Space for Inspiration
Grainger Hall's Learning Commons will help transform the way students learn and collaborate
The new heart of Grainger Hall, a collaborative learning space called the Learning Commons, will soon be a hub for students, faculty, industry leaders, and Wisconsin School of Business community members to come together and reimagine what business education can be.
Underscoring WSB’s commitment to educational innovation and following a nationwide trend toward active learning, the Learning Commons will be a donor-funded space for making, doing, producing, and innovating—a vibrant place for students to collaborate, exchange ideas, and dream big.
Traditional tables and chairs will give way to spaces for students to gather in groups of all sizes. Flexibility will be a driving force for students to be able to create their own environments and study experiences. Students who work in groups will have a place in the three-level Learning Commons, as will those who want to work alone. Better aesthetics, paired with state-of-the-art technology, will help inspire learning. And it all can happen in a space where active learning and group work just come naturally.
“Learning is social, so it is important for students to have access to environments that can help facilitate group work and encourage more types of active engagement,” says Ron Cramer (B.A. ’91, M.S. ’96), senior instructional designer and learning technology consultant at WSB. “We care deeply about learning and we’re investing in the resources and infrastructure to enhance that learning.”
Construction began in Fall 2017 and is scheduled to finish in Spring 2018.
senior instructional designer and learning technology consultant at WSB
The Learning Commons was inspired by a student trip to New York City. Through discussions with alumni working on Wall Street, Mark Fedenia (BBA ’77, M.S. ’79, Ph.D. ’87), the Patrick A. Thiele Distinguished Chair in Finance, Director of the Wealth Management and Financial Planning Program, and an associate finance professor, saw a need for a finance-focused computer lab within a new space that would broadly serve the entire WSB community. Continued conversations with WSB alumnus Ricky Sandler (BBA ’91), Michael Enyart, director of the Business Library, and Gwen Eudey, director of the Business Learning Center, sparked the initial idea for the Learning Commons as a collaborative learning space.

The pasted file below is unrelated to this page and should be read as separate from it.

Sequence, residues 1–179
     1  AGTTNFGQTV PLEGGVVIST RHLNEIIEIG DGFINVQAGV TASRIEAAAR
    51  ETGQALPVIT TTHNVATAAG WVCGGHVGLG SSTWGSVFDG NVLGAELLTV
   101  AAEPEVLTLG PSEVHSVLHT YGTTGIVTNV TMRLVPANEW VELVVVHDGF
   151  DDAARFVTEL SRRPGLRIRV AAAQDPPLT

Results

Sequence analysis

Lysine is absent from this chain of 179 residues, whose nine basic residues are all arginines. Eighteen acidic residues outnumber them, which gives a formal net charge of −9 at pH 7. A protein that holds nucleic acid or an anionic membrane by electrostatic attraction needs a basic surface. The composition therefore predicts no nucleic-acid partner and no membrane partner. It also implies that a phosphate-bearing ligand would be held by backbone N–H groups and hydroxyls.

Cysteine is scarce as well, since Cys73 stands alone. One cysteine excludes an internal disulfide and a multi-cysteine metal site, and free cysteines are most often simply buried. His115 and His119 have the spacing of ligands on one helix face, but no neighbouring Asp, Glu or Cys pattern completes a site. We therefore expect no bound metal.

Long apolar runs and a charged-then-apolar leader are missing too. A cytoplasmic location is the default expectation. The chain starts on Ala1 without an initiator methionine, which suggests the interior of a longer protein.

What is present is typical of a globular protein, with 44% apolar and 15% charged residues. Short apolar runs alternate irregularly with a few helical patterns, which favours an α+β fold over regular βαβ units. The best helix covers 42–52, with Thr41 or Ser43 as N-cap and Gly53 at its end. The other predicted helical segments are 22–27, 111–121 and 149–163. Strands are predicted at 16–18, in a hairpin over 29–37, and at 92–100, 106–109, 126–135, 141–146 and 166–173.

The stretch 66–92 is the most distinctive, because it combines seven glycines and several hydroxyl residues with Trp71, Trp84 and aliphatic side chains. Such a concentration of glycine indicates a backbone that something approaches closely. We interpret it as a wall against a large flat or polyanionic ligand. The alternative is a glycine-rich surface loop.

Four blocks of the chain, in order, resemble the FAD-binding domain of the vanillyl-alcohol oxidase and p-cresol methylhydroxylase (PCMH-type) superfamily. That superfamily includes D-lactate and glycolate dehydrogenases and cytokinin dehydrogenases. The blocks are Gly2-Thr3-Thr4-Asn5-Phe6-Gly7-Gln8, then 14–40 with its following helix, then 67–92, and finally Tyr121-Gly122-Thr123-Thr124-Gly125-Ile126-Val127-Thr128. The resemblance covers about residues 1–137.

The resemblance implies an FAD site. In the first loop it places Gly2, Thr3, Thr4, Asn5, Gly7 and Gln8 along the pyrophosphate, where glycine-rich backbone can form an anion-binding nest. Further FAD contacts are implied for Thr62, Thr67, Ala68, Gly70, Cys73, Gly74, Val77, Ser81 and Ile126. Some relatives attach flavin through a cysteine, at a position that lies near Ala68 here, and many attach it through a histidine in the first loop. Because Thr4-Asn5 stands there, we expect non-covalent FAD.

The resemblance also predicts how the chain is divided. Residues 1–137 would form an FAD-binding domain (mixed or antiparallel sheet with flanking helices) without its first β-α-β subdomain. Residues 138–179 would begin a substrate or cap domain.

“We saw a need for a new finance lab that would give students access to industry software and real-time data, but our vision was much larger than that,” Fedenia says. “We pictured a comprehensive renovation that would benefit students from any major or discipline through a reimagined learning environment.”
A proven model for success at WSB
The team took into account the immediate success of and demand for WSB’s first Collaborative Learning Classroom (CLC), which opened in Fall 2015, and considered other desired innovations: greater opportunities for active learning, streamlined technology offerings, multiple areas for tutoring, a greater sense of community, and unified physical space for the School as a whole.
“Our experience with the CLC indicates that the Learning Commons will facilitate more active learning,” says Chris Dakes (Ph.D. ’98), director of educational innovations and learning design at WSB. “By moving from traditional lecture halls into more interactive spaces, student-to-student learning and direct interaction with their instructor is much more prevalent.”
Research shows the effects of active learning on academic performance are resoundingly positive, and the Learning Commons will help WSB students integrate more of it into their education. Active learning can take the form of authentic real-world team projects, shared reflections, or group problem-solving, and the Learning Commons will provide the perfect setting for all of that to flourish.